And then there’s this:

But before all that …


== At this morning’s bloviating Pac-12 Football Media Day in Hollywood, conference commissioner Larry Scott will be well aware that there are 44 games televised nationally on ESPN and Fox Sports, and 35 more games on its own Pac-12 Network, going into its sixth season of existence.
The lack of distribution with that last one continues to be a rock in the sole of Scott’s loafers. DirecTV/AT&T continues to not budge on budgeting the channel in for its subscribers. Scott did announce that over-the-top distributors such as Sling and Century Link.
Scott’s otherwise major revelations today is that, when non-conference games are on the Pac-12 Net, they will cut back on commercial spots and halftime length in order to fit them into three-hour windows.


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Sunday media con’t: More Q&A with Jay Jaffe about ‘The Cooperstown Casebook’

If you can get a place to advertise your book-signing appearance in the men’s urinal, it seems like you’re truly No. 1.

Who should be in the Baseball Hall of Fame — in addition to the induction of players Tim Raines, Ivan Rodriguez and Jeff Bagwell this coming Sunday?
Jay Jaffe can make a strong case for Barry Bonds and Roger Clemens, for starters.
Bobby Grich, Lou Whittaker, Alan Trammel, Dick Allen, Curt Schilling, Mike Mussina, Trevor Hoffman, Edgar Martinez, Larry Walker, Tony Oliva, Lee Smith, Reggie Smith and — most overlooked — Minnie Minoso also have strong merit.
Who got in and maybe shouldn’t have?
Bill Mazerowski, Phil Rizzuto, Pie Traynor, Lloyd Waner, George Keel, Rabbit Maranville, Catfish Hunter, Lefty Gomez, Rube Marquard and, for good measure, Jesse “Pops” Haines.
But case in point: Jaffe just wants the voting going forward to make use of all materials available to be fair and justified. In addition to the Q&A is posted thus far, we have more to talk about with Jaffe and his book, “The Cooperstown Casebook”

Q: If we take the book title as a statement rather than a headline, are we advocating the Hall of Fame membership that has voted over the last 70-something years needs a do-over? Could we wipe everything clean and pick 325 players in one massive re-election?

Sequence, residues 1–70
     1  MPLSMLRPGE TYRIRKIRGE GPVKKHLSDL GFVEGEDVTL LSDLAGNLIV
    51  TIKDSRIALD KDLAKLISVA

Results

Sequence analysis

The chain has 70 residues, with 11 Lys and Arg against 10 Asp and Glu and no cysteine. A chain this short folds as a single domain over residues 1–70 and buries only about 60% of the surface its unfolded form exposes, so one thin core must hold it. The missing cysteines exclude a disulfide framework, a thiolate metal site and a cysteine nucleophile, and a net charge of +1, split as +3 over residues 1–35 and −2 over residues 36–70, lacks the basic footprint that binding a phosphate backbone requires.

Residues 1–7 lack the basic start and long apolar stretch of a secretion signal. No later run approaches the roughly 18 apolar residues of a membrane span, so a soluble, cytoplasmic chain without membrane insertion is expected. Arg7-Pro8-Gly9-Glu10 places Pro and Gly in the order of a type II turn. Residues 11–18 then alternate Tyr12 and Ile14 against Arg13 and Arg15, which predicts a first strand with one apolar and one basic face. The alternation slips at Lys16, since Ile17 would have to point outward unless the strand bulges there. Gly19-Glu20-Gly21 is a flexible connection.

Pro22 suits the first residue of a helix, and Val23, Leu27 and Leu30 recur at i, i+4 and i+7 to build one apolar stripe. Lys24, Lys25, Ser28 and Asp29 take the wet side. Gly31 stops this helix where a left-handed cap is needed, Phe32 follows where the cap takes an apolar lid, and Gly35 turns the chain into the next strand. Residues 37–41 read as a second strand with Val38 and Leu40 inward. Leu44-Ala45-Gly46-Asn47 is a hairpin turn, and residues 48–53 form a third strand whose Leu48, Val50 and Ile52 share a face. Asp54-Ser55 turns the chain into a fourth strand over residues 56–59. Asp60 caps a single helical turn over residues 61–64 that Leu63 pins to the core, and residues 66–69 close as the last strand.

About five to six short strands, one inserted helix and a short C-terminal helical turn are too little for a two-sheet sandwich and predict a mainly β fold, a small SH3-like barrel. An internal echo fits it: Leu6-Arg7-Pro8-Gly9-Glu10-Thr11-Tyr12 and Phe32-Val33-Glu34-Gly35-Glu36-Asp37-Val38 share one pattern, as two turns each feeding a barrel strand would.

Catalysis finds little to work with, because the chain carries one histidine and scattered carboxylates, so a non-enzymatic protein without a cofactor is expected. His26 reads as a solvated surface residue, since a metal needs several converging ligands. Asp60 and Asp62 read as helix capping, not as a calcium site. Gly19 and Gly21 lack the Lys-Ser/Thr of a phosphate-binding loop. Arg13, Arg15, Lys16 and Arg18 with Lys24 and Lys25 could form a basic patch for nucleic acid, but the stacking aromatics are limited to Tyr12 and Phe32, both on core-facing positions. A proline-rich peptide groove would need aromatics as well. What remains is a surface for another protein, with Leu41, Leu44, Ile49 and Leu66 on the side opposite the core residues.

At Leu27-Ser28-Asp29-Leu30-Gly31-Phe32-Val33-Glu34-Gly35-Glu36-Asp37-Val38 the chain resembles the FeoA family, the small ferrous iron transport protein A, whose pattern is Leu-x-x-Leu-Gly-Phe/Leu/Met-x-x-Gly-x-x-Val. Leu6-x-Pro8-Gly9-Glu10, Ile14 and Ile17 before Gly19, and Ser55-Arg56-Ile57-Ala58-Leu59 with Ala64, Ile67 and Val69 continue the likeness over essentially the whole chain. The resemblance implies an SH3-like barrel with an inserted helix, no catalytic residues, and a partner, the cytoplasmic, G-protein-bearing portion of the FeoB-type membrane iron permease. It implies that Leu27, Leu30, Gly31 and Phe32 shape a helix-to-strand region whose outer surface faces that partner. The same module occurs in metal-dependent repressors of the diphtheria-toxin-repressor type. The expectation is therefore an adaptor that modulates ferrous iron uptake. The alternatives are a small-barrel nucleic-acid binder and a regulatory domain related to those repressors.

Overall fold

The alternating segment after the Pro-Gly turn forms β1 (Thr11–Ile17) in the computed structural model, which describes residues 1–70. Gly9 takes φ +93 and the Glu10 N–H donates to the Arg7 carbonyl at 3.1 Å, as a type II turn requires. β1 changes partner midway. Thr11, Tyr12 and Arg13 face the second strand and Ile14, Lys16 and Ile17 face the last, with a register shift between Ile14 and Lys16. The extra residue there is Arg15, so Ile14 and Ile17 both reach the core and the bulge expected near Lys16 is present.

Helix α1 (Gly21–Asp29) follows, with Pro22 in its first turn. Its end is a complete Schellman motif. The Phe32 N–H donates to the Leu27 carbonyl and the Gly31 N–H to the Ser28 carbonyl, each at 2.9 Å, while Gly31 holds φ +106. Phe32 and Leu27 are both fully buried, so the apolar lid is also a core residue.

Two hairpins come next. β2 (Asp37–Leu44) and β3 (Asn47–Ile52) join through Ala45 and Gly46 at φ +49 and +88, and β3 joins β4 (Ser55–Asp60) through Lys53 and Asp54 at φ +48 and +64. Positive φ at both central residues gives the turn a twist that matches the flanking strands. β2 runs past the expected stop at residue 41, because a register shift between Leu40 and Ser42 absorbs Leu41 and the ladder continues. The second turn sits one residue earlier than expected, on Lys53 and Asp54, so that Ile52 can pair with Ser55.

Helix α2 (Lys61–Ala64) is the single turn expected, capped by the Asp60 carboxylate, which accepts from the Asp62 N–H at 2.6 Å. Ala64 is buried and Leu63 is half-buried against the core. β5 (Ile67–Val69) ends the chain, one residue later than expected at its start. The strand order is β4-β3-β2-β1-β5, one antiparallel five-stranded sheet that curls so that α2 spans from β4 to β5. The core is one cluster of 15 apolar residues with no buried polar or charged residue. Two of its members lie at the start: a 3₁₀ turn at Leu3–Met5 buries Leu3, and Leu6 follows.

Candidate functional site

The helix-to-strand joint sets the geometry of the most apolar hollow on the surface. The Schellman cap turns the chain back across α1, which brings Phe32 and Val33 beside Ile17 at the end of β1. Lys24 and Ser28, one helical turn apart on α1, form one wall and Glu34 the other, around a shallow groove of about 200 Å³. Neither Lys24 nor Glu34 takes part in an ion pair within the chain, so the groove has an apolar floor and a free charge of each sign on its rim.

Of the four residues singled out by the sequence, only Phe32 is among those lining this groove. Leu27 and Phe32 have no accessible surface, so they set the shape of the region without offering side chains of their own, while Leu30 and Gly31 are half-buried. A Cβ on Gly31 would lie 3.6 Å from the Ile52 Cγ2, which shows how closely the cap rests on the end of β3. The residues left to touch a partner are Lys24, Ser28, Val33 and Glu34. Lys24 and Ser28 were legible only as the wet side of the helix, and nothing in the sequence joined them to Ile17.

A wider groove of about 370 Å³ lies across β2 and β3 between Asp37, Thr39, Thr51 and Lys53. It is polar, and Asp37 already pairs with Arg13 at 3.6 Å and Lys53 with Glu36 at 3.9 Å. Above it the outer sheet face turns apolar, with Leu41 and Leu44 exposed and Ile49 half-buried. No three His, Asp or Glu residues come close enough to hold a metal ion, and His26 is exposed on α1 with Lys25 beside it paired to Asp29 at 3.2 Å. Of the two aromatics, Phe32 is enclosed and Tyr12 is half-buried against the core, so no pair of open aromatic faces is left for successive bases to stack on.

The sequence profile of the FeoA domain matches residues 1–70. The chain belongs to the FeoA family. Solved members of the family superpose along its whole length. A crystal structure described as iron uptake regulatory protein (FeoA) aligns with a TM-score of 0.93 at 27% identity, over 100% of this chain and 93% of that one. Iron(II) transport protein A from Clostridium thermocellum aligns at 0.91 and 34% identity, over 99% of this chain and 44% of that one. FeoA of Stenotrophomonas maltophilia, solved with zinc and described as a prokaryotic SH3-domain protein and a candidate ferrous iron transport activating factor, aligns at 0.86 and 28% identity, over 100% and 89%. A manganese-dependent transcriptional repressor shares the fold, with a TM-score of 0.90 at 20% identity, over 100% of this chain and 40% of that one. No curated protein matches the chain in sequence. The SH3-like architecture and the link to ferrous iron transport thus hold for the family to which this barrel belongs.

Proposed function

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Sports media notes version 07.19.17: The Best of times, the worst … we’ve seen how this ends

What’s worth posting at this point in time leading into the weekend:

There’s a sweet, silly and, in context, rather sad scene in the recent 2017 movie “T2 Trainspotting,” the sequel to the original 20 years later, with Ewan McGregor, Kelly Macdonald and Johnny Lee Miller. They are reliving a well-told urban legend about Manchester Untied soccer star George Best, but it ultimately leads into the question: Where did it all go wrong?
The question continues to be asked, but perhaps it has more clarity.
“George Best: All By Himself” makes its U.S. TV debut on ESPN on Thursday at 5:30  p.m., strategically leading into the network coverage of Manchester United vs. Manchester City friendly held in Houston (7 p.m., ESPN).
A short scan of YouTube will turn up previous BBC documentaries done on the subject, including “George Best: The Belfast Boy,” and “The Best Intentions: The Story of George Best.
But what sets director Daniel Gordon’s effort apart from those is more in-depth footage of Best, especially with interviews where he acknowledges his own shortcomings when it comes to dealing with drinking, depression and stress due to media coverage.
Here’s the trailer:

Gordon, speaking Tuesday from England, said that while he never saw Best play in person, only through videos, he had a chance to work with him at Sky Sports some 20 years ago and “was aware of his legend and his play … and also what brought him down. What I guess attracted me to this is I never felt the story was told properly. There are plenty of TV documentaries that dealt with maybe one or two elements, but never really examined the darker side.